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  Reply # 1076662 29-Jun-2014 19:50
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timmmay: Their "payment" is a joke. Most professionals earn more in an hour than their daily rate. People could risk not making their mortgage payments because of that.


Agreed, I am sure the bank/phone/power/finance companies will be really understanding that you can't pay the bill because you were doing jury service so they should wave the bills.  Plus dropping those extra KG's from not being able to eat will be good for you. :P

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  Reply # 1076670 29-Jun-2014 20:10
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My understanding was that lawyers/judges can't do jury service because of the chance they'd influence the other jurors? Knowing someone on the jury is a lawyer/judge would make the jurors think oh he knows his stuff I better listen to him. Not sure how correct this view is however.

Also, I think most of the discussion about some people being called often compared to others is fine according to the law of probabilities and is just as likely to happen as everyone getting called once. I think the high sample numbers for that is more confirmation bias than anything.

I was called for jury service during term time at university. I told them that I couldn't do it then but would be happy to during my break which they accepted and I got called up a few months later in my holidays. They had something like 200 people that week and they sent half away because they didn't need that many for the trials after the initial selection. Only some of them were asked to come back later in the week for trials that started then. Most of them only had to come for the hour or two that the introduction thing took.

I got taken to one of the court rooms along with around 30 others where they selected the 12 jurors. I got selected but was challenged. Not sure why I got challenged (20yo asian male). A number of people went and talked to the judge personally after being called and they managed to avoid jury service.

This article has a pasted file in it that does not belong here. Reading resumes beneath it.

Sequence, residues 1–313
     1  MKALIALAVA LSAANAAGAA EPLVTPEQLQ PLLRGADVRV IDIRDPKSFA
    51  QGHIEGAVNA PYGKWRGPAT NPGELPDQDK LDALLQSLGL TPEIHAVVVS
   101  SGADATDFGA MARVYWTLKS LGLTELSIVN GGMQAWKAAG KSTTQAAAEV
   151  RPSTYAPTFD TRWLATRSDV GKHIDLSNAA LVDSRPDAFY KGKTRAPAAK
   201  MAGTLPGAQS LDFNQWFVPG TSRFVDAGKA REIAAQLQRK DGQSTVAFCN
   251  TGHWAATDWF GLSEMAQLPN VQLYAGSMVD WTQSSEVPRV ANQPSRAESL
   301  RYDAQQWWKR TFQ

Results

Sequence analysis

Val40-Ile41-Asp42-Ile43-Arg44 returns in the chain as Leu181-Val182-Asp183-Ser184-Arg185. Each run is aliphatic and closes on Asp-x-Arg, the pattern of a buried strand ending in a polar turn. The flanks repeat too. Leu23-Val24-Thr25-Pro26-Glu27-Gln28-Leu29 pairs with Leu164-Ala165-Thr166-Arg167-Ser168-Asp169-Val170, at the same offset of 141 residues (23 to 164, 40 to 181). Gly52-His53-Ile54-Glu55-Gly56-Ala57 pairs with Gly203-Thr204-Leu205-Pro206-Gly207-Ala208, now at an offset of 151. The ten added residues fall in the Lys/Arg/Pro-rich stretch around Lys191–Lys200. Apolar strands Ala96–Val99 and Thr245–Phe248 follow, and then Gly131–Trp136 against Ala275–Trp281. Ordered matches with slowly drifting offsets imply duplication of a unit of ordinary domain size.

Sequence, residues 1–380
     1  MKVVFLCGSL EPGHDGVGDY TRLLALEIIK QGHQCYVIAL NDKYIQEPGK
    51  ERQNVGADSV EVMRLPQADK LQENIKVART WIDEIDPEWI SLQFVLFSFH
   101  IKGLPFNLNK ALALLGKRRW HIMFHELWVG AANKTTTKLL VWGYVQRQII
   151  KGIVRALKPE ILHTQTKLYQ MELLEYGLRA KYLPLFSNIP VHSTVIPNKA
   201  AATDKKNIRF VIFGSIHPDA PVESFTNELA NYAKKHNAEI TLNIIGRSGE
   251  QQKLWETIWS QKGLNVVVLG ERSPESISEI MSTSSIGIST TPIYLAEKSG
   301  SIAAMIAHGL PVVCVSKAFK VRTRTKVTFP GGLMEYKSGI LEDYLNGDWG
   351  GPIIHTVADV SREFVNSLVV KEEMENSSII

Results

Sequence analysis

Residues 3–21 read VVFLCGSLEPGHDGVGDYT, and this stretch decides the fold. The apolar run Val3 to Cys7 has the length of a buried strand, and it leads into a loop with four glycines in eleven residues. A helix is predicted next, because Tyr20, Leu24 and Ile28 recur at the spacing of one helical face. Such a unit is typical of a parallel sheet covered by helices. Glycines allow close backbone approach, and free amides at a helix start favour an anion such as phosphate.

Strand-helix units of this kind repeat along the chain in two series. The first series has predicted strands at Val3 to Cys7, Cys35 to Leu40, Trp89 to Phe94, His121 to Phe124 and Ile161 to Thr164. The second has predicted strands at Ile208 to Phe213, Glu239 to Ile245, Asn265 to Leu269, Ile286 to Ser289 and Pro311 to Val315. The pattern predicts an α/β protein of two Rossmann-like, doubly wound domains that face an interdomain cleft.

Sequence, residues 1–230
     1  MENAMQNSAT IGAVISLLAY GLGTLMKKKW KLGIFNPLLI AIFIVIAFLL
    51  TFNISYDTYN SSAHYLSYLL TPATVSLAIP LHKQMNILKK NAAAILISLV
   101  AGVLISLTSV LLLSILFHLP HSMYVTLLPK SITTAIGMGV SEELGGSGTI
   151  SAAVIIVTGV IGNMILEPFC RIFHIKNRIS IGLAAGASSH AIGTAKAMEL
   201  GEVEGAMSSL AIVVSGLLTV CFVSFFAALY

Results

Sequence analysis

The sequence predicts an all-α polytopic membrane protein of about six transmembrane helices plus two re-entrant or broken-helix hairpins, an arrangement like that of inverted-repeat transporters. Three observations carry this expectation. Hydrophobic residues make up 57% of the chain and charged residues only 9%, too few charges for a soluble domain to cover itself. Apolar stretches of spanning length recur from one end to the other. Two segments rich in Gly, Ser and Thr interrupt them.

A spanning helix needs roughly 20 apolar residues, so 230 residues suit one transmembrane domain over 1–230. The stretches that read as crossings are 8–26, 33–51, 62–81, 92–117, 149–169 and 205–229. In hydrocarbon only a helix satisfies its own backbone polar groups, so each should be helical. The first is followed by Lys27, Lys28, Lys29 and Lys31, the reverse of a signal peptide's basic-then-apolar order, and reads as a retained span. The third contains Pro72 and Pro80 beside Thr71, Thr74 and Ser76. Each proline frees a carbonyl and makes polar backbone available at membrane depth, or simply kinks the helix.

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  Reply # 1076671 29-Jun-2014 20:14
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mattwnz: The problem I see with how jury service works, I think that they assume most people are 'employees', so the systems work on that basis. However many people are business owners and sole traders, where they can't take a week or more off, otherwise it would be detrimental to their business, and other businesses too that use their service. In those cases the people can request to be excused. I have no idea though what happens if that and the appeal  is turned down. I presume they have to give a reason why it is turned down.


Actually, the system assumes that everyone is unemployed, because the payment they offer is less than most people's daily rate - and your employer is not legally required to pay you while you're on jury service.  But don't take my word for it - take the Department of Labour's.  If you ask me, that is a serious have.  If you're legally required to complete jury service as part of your civil duty, then either the Ministry of Justice needs to pay you what you'd otherwise get paid (and damn the cost to the taxpayer) or it should be enshrined in law that as part of an employer's civil duty, they must pay you while on jury service.  As it is now, one could potentially argue that jury service is technically slavery (forced servitude).  That said, scouring NZ law, apparently slavery is only illegal if you traffic in it across sovereign territories (the more you know?)

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  Reply # 1076681 29-Jun-2014 20:31
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Lawyers, Judges, Registrars are 'officers of the court' and cannot be called a Jurors.  Likewise Police Officers, and any other Enforcement or Compliance Officer cannot serve on a jury.  The sooner we move to an inquisitorial system rather than an adversarial, and replace jury's with a panel of judges the better. 




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  Reply # 1076691 29-Jun-2014 21:02
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Well, with Owen Glenn's suggestions for law reform it won't be an issue since you'll be guilty until proven innocent anyway so there'll be no point even having trials because lord forbid we traumatise victims by making them give evidence.